How COVID-19 Is Changing Our Conversations About Money


We all worry about money from time to time -- but ever since the coronavirus pandemic began, financial stress has taken a whole new meaning...

For proof, look no further than a March 2020 survey by the U.S. Bank Women and Wealth Insights Study: Of 3,000 men and women investors with minimum investable assets of $25,000, the study found that "47 percent of the women associated negative words like “fear, “anxiety,” “inadequacy” and “dread” with financial planning, compared with 31 percent of men."

So, yeah... we're definitely worrying about money!

But COVID-19 hasn't only changed how we worry about our finances, it's also changed how we talk about them... especially with a partner.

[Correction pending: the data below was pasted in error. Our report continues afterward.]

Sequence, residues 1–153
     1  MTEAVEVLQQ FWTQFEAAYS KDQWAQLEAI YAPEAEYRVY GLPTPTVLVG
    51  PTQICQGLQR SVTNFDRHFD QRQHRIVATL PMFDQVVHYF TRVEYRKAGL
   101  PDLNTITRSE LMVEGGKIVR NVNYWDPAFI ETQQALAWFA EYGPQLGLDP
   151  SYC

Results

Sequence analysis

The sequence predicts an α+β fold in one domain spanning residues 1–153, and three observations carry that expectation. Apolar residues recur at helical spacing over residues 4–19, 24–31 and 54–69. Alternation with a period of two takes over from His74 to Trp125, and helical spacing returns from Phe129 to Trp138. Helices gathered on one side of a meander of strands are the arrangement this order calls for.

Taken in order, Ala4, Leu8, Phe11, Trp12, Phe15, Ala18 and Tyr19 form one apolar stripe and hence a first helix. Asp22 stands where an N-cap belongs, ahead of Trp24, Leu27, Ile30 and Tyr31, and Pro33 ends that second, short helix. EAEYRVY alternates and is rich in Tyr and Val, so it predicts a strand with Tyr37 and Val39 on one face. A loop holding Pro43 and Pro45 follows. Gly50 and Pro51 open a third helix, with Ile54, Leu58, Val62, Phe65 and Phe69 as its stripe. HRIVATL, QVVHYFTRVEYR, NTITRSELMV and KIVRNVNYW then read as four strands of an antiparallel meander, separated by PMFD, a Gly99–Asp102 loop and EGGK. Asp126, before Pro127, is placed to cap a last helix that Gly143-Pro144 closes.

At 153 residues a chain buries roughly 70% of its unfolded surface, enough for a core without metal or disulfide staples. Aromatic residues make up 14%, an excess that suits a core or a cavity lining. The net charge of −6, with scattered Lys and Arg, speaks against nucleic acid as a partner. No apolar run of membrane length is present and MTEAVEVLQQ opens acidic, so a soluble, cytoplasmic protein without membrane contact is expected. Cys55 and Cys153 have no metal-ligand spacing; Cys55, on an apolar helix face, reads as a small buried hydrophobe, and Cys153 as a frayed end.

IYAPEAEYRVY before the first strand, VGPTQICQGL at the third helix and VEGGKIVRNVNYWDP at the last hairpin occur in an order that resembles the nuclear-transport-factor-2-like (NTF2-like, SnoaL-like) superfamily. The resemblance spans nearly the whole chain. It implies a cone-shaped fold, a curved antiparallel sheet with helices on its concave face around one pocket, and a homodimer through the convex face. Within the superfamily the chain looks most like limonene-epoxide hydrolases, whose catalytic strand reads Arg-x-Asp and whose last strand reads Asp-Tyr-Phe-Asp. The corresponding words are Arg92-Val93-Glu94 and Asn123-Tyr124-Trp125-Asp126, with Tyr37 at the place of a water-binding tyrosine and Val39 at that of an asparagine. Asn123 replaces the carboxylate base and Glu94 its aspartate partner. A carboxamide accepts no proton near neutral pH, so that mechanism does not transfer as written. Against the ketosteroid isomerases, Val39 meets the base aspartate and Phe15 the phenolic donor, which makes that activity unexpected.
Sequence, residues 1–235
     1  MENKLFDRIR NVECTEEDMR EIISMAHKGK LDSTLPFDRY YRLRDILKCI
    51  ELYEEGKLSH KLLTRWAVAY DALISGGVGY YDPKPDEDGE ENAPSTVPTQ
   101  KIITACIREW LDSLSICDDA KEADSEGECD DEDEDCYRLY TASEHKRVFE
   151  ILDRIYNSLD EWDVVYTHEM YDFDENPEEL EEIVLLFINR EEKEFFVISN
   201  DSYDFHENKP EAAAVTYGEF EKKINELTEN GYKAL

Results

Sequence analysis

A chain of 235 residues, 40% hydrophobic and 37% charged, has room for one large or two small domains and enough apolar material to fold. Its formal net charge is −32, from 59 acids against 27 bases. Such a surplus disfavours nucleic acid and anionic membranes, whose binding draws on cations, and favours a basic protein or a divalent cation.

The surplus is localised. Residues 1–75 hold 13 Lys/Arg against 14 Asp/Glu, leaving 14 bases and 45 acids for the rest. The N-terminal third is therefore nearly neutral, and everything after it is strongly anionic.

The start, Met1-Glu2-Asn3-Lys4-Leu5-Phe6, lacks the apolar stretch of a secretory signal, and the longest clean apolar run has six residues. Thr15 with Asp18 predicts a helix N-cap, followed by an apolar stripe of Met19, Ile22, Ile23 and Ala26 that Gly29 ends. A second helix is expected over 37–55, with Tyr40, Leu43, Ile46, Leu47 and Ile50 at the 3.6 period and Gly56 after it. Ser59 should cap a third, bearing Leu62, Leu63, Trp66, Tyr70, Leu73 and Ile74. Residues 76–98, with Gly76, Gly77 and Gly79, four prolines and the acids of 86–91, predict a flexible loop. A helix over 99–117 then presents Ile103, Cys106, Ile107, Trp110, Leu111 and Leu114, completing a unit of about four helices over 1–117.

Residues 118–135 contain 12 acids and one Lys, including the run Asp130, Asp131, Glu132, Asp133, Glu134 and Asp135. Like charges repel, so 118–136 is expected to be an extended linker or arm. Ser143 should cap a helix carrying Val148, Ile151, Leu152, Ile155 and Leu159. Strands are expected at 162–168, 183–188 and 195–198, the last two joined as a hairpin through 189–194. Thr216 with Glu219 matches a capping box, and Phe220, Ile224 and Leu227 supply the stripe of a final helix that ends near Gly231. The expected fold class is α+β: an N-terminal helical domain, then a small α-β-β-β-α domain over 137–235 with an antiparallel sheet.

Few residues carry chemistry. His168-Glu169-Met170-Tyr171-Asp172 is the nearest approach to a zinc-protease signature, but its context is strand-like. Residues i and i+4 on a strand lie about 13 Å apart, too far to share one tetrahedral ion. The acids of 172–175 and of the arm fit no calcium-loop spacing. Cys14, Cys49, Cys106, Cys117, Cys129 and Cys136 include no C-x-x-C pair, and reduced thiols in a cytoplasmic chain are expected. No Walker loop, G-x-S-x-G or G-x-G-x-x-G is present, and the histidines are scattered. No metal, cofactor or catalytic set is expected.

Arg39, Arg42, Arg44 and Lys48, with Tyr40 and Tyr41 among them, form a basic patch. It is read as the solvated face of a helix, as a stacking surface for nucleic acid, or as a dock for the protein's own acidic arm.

An article published in September by the New York Times looked into just that -- how Covid has altered the conversation about money between couples, and how some women feel they can no longer let their husbands deal with their families fiscal matters alone.

Did you know that 18% of couples are on a single income?

So if one person loses their job, it will eventually become very clear if anyone in the relationship is hoarding money or hiding debt... That's why Dr. Wendy Walsh says ethical investing is SO important!

Mary Naber is the president and founder of Sage Stone Wealth Management, an independent SEC registered investment advisory firm of Harvard Economics graduates. She specializes in ethical investing, and is highlighted in over half a dozen books, and multiple magazines. And today, she joined Dr. Wendy on air to dive deeper into how the pandemic has altered our money conversations.

Listen below!

Visit the New York Times to read more.